Charity Campaigns for Japan Push Classics Like Street Fighter, Sonic the Hedgehog Up iOS Charts

Seeing Sonic the Hedgehog and Street Fighter at the top of iOS’ paid charts this week triggered a warm, nostalgic reaction for me. It almost makes you wonder why Capcom and Sega seem willing to forfeit their relationship with the next generation of mobile gamers to companies like Angry Birds-maker Rovio by pricing themselves out of the market with their most beloved intellectual property.

In any case, Streetfighter and Sonic the Hedgehog have climbed up to be the 3rd and 8th paid apps respectively in the U.S. because both of their parent companies Capcom and Sega have slashed prices in order to raise money for victims of Japan’s earthquake.

Capcom is selling Streetfighter IV at $0.99 instead of its normal $4.99 until March 22. The game popped from its normal ranking in the low hundreds to near the top of the paid charts; it’s now the seventh-highest grossing game from 117th in the U.S. the day before the sale. Capcom’s U.S. mobile division is no stranger to the free-to-play model. It’s been able to deliver some of iOS’s most lucrative titles like Smurfs’ Village, which monetize through virtual currency. Street Fighter IV offers some in-app purchases like different costumes for fighters Chun Li or Ryu.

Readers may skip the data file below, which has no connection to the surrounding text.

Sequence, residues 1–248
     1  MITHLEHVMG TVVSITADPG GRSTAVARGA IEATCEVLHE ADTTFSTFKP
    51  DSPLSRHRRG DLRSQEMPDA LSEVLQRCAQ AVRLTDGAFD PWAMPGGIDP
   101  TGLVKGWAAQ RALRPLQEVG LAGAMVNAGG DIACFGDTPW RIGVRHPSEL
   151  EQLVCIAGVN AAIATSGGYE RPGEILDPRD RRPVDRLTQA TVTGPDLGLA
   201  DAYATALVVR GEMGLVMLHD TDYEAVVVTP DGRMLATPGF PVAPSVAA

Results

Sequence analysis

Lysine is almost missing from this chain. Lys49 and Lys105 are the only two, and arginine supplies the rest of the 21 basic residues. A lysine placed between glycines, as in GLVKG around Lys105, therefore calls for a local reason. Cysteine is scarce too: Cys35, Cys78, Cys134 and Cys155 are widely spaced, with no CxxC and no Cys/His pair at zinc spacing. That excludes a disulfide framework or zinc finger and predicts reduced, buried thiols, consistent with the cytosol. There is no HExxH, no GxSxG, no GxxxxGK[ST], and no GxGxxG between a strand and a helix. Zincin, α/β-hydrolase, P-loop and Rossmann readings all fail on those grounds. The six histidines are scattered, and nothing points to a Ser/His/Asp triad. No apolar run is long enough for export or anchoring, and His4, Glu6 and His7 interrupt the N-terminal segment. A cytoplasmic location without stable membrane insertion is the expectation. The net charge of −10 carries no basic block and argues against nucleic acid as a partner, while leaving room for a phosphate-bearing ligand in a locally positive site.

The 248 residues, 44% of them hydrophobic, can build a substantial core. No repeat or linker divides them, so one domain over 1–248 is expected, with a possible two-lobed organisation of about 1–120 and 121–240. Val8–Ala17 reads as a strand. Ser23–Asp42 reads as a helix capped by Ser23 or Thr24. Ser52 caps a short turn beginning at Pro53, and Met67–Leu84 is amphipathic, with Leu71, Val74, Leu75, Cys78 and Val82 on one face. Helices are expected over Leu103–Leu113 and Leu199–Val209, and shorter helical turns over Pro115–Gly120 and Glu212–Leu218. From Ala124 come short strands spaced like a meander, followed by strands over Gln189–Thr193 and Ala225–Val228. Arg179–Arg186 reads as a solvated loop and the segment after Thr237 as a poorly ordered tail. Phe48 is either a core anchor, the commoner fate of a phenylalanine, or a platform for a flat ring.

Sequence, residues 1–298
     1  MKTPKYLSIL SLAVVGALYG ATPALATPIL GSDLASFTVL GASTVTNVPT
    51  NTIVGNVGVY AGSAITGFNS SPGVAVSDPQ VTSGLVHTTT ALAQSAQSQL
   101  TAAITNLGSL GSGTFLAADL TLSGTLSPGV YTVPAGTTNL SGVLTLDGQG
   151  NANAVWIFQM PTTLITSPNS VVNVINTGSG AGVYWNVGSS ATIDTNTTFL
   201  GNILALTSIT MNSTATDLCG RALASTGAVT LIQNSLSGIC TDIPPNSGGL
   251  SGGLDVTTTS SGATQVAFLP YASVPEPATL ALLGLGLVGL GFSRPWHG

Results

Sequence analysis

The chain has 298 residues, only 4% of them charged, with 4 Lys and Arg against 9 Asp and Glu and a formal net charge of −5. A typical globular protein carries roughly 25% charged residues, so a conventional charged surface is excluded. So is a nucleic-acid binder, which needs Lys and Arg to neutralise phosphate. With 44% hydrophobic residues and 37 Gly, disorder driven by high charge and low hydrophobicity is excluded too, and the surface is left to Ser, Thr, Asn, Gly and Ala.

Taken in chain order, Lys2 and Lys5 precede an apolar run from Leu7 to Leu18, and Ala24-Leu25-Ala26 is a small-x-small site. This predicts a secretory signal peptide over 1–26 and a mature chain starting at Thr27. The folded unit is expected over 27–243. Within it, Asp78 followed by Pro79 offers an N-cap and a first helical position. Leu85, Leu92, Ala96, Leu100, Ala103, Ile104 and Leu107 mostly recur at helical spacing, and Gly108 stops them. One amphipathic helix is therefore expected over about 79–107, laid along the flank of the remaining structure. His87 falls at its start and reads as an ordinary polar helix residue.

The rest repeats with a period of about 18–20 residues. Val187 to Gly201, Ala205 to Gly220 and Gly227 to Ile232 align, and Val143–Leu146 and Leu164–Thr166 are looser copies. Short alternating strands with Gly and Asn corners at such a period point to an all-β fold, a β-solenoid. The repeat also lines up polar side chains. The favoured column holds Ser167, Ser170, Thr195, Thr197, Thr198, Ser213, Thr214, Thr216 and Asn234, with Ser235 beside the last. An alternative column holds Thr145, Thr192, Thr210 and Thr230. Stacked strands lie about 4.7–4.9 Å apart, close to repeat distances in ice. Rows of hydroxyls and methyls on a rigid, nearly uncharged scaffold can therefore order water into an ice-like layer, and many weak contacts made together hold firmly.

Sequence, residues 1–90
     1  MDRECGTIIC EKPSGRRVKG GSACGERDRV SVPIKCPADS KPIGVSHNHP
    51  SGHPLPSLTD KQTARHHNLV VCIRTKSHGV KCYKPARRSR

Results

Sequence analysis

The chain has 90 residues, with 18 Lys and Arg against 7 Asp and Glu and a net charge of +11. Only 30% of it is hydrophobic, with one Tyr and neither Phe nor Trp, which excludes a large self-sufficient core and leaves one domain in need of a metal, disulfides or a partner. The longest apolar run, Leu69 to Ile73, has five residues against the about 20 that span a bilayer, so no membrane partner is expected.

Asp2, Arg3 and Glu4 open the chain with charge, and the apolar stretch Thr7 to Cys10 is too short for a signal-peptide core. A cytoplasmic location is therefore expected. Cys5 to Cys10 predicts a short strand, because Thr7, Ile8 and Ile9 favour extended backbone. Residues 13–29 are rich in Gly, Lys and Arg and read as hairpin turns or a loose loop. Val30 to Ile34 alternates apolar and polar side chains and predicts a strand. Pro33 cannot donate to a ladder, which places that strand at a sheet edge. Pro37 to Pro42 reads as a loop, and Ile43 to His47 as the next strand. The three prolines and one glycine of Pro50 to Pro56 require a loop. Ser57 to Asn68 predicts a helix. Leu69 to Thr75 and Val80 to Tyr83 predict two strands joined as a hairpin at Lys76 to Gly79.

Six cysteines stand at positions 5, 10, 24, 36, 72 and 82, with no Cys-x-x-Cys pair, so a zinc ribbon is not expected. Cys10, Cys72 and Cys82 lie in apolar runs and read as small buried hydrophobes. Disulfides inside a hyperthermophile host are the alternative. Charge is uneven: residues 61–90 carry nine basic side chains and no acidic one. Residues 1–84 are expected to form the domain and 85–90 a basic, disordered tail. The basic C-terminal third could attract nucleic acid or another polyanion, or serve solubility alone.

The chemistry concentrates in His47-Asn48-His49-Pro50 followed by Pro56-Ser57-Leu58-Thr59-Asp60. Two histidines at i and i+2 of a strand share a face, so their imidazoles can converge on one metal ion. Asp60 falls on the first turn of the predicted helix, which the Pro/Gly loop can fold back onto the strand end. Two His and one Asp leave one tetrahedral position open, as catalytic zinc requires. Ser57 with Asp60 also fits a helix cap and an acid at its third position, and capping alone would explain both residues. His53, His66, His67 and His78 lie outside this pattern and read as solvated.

Sega’s Sonic the Hedgehog saw a similar pop; it usually ranks between 300 and 400 on the paid charts. On the grossing charts, Sonic the Hedgehog rose from a touch lower than 200th place to 10th place after its price fell to $1.99.

A couple of other gaming companies are jumping on the bandwagon. Popcap Games said today that it’s cutting the prices of its iPhone titles including Bejeweled, Bookworm, Chuzzle, Peggle and Plants vs. Zombies to $0.99, while the iPad versions of these games will go to $1.99. It doesn’t appear to have produced a change in the rankings yet; Bejeweled is still at 16 in the U.S. right now. Zynga also started a flash fundraising campaign that raised at least $1 million in 36 hours for earthquake victims.